Both the applications i.e. 3470/2022 and 3630/2022 are still pending before the Adjudicating Authority, we see no reason to entertain this appeal.

We have been informed by the Counsel for the Respondent that CoC has already been constituted. Both the applications being pending before the Adjudicating Authority, we are of the view that Adjudicating Authority shall endeavour to dispose of the application on the next date i.e. 12.09.2022 or as early as possible.

However, looking to the facts of the present case we are of the view that that till both the applications are pending consideration CoC shall not take any further steps in the CIRP. IRP shall ensure that Corporate Debtor is run as a going concern.

Appeal disposed of.”

13. The Adjudicating Authority by the impugned order has dismissed the IA No.3470 of 2022. Adjudicating Authority while dismissing the application took the view that application filed by the appellant is not covered by Rule 49(2), held that decision in Section 7 application was taken on merits. Adjudicating Authority in the impugned order has made following observations rejecting the application with regard to Rule 49(2).

“As has been analysed hereinabove, the Rule 49(2) can be resorted to by us only when there is no service of notice upon the Respondent or the Respondent does not appear in the matter on being prevented by sufficient cause. In a case where the Respondent in the petition was represented by the Ld. Counsel, who stated that he had been engaged recently and had not filed his power cannot be ground for us to recall the detailed order dated 25.03.2022 passed on merits. In view of the aforementioned, finding the present application not covered by the provisions of Section 49(2), we reject the same.”

14. The submission which has been pressed by the Counsel for the appellant that the Adjudicating Authority has not correctly construed Rule 49(2). Rule 49(2) of the NCLT Rules, 2016 provides as follows:-

49. Ex-parte Hearing and disposal.- (1) Where on the date fixed for hearing the petition or application or on any other date to which such hearing may be adjourned, the applicant appears and the respondent does not appear when the petition or the application is called for hearing, the Tribunal may adjourn the hearing or hear and decide the petition or the application ex-parte.

(2) Where a petition or an application has been heard ex-parte against a respondent or respondents, such respondent or respondents may apply to the Tribunal for an order to set it aside and if such respondent or respondents satisfies the Tribunal that the notice was not duly served, or that he or they were prevented by any sufficient cause from appearing (when the petition or the application was called) for hearing, the Tribunal may make an order setting aside the ex-parte hearing as against him or them upon such terms as it thinks fit.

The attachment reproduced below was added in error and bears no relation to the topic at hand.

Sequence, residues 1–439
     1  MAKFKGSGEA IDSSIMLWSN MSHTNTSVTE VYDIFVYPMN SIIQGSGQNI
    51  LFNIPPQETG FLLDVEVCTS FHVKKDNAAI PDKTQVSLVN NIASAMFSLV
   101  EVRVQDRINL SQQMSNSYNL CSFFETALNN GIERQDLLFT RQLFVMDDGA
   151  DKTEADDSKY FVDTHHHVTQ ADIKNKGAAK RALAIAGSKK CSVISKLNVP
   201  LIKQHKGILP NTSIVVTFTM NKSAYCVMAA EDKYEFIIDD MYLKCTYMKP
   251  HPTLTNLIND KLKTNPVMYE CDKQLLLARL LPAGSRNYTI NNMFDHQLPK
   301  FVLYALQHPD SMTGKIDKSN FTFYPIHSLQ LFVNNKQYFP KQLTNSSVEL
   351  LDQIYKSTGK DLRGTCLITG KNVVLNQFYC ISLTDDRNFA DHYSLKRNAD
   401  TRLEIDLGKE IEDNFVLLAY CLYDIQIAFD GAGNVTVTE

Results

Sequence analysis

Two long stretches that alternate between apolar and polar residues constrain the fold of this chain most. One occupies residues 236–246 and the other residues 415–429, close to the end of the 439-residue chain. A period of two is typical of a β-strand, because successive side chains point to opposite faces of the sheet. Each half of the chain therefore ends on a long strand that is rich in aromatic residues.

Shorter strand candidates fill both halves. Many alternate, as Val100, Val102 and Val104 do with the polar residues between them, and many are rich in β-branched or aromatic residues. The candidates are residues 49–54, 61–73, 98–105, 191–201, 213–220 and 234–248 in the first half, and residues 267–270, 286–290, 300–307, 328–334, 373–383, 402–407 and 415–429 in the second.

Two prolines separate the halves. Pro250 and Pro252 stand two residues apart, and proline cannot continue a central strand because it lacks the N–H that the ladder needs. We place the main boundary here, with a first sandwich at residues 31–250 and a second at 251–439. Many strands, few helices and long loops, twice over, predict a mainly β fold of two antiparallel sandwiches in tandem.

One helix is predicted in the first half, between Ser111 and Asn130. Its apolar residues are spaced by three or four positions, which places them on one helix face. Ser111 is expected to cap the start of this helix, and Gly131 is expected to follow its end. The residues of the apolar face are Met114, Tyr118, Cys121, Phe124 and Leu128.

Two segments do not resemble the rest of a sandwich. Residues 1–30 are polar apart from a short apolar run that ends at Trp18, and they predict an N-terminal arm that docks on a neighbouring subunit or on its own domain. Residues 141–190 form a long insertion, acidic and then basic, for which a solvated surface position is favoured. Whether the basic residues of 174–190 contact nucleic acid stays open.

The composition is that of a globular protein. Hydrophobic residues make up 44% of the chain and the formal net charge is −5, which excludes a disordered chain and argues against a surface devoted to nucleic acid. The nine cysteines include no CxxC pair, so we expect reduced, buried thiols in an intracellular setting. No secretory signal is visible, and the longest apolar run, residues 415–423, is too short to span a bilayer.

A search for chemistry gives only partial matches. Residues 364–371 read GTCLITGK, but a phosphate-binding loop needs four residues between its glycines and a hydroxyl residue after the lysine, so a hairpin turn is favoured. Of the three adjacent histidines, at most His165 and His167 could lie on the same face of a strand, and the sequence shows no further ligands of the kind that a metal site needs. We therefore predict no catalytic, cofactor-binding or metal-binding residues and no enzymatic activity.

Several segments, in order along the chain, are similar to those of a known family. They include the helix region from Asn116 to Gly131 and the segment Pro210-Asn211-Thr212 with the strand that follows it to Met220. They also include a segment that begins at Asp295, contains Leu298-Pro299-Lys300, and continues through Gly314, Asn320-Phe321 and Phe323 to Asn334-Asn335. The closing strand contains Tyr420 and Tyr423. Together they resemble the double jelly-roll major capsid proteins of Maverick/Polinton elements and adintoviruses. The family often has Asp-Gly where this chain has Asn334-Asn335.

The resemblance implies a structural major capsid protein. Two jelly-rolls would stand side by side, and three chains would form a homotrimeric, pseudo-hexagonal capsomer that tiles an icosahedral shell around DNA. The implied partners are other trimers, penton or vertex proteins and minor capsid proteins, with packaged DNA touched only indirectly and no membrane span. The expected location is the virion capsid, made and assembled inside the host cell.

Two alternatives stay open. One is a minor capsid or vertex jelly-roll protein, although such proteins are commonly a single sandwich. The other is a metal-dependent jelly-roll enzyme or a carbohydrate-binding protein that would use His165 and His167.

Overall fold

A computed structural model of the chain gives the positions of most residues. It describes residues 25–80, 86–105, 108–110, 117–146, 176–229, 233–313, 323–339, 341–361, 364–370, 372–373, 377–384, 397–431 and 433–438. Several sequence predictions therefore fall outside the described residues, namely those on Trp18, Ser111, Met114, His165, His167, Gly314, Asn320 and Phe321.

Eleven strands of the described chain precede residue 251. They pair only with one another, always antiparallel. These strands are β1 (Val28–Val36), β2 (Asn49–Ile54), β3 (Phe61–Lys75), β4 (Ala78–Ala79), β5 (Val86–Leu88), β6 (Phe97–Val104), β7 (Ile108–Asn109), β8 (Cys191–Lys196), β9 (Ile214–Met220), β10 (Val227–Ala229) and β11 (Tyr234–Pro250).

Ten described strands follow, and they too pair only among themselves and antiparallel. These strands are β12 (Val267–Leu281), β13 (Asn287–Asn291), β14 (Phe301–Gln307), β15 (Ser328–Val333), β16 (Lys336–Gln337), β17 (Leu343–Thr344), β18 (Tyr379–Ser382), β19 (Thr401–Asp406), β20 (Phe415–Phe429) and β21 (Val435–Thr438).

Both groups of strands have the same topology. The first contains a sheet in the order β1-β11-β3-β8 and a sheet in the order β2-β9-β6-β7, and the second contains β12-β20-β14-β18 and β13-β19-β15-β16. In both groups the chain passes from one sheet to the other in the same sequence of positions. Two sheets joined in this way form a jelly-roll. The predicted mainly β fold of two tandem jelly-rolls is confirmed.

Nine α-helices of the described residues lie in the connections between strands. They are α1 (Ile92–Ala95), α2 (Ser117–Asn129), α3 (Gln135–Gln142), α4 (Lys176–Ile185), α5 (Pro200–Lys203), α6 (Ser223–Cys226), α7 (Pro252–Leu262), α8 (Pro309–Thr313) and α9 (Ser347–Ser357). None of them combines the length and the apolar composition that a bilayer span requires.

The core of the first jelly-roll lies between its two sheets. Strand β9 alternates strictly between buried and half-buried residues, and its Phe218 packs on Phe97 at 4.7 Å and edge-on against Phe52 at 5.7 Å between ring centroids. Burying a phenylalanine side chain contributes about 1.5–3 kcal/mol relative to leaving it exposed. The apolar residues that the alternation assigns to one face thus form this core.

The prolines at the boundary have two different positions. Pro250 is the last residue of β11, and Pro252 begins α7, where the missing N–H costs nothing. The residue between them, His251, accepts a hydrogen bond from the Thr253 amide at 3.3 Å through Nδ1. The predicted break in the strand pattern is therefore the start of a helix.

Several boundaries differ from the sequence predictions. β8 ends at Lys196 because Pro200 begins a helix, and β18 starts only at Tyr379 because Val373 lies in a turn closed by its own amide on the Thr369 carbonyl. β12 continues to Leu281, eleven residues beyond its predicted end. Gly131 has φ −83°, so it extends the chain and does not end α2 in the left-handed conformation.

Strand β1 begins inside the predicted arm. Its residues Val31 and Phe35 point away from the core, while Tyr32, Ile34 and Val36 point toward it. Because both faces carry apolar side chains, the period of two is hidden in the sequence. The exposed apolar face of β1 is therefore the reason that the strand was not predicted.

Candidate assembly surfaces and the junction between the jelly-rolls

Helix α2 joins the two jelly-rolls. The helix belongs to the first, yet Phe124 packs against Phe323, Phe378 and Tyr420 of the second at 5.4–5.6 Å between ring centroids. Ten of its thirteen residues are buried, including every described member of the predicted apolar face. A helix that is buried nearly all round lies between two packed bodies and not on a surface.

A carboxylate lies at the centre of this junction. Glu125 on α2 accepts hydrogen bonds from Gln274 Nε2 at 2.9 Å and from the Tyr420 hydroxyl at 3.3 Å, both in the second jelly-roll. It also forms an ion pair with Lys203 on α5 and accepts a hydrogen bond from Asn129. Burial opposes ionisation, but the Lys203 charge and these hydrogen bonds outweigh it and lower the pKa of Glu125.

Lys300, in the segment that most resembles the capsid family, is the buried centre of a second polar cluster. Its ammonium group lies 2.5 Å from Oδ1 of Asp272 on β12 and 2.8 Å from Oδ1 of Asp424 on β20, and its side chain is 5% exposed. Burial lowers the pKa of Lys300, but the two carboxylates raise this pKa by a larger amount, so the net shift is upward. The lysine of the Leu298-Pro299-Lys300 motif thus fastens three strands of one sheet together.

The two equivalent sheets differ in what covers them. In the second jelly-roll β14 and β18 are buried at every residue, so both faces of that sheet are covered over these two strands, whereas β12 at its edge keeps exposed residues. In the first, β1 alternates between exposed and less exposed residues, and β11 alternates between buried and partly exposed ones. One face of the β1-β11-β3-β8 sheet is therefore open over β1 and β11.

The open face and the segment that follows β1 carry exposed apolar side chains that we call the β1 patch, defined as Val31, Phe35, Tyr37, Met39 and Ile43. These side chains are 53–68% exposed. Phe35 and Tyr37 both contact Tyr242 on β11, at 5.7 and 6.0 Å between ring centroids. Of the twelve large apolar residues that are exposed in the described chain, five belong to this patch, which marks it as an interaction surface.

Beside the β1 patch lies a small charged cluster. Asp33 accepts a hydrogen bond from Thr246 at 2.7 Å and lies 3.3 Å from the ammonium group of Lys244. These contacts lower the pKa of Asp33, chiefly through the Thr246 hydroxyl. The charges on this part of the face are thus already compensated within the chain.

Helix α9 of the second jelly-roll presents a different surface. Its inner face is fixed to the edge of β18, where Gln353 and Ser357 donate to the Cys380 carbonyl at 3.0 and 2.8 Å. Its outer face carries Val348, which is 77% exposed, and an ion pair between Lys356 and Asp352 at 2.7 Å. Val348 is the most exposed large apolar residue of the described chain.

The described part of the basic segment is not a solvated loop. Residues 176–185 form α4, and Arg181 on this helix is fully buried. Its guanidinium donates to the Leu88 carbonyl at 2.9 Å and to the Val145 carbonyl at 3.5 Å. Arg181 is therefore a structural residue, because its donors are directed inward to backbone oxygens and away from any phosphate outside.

Provided that where the ex-parte hearing of the petition or application is of such nature that it cannot be set aside as against one respondent only, it may be set aside as against all or any of the other respondents also.”

15. When we look into Rule 49(2), it is clear that where a petition or an application has been heard ex-parte against a respondent or respondents, such respondent or respondents may apply to the Tribunal for an order to set it aside and if such respondent or respondents satisfies the Tribunal that the notice was not duly served, or that he or they were prevented by any sufficient cause from appearing (when the petition or the application was called) for hearing. As far as service of notice is concerned, it is an admitted fact that the notice was served on the appellant on 07.03.2022 which has not been denied nor the application was filed on the ground that notice was not served. The second ground on which order can be recalled is where he or they were prevented by any sufficient cause from appearing. Present is not a case where it can be said that the corporate debtor was prevented by any sufficient cause from appearing. Notice has been issued which was duly served. No cause is being showed by the appellant that they were prevented from appearing. Counsel appearing before the Adjudicating Authority and saying that he has recently engaged and has not filed the vakalatnama cannot be said that the corporate debtor was prevented by any sufficient cause from appearing. Corporate debtor has to blame himself for not appointing an Advocate to appear and make appropriate pleading before the Court. It is not a case advocate who appeared submitted that he shall file vakalatnama during the course of the day. Adjudicating Authority made further observations with regard to cause pressed by the appellant for recall of the order:-

“A careful perusal of Rule 49(2) reveals that this Tribunal can set aside an order being ex-parte, only when the Respondent/Respondents satisfy the Tribunal that the notice was not duly served on the Respondents or they were prevented by any sufficient cause from appearing in the matter. In the present case indubitably notice was served upon the CD on 07.03.2022 and Mr. Gunjesh Ranjan, Ld. Counsel entered appearance on it’s behalf before the Tribunal to espouse that he had not yet filed his power. So the present case is not a case where either the notice was not served upon the CD or there was any sufficient or justified/plausible cause preventing the CD/Applicant in present IA from appearing before this Adjudicating Authority. We are afraid that beyond these two causes viz. non-service of notice upon Respondent or it being prevented from appearing before the Tribunal on account of sufficient cause, any other ground is available before this Tribunal to set aside an order passed by it. Moreover, the order dated 25.03.2022 nowhere indicates that the order is ex-parte. The only view taken in para 11 of the order was that despite service of notice upon the CD, there was no proper response. Thus, there being neither a case of absence of service of notice nor that of non- appearance of Respondent on account of some sufficient cause which normally should be the one beyond the control of the CD/Respondent and the aspect looked into by this Tribunal being only non-availability of proper response, we cannot exercise the power under Rule 49 of the NCLT Rules. The Rule 49(2) nowhere provides that even in such cases where the Ld. Counsel represent the Respondent without having any power and does not give any proper response, the order passed in the absence of proper response by the Ld. Counsel who represent the CD/Respondent need to be recalled as ex- parte order.”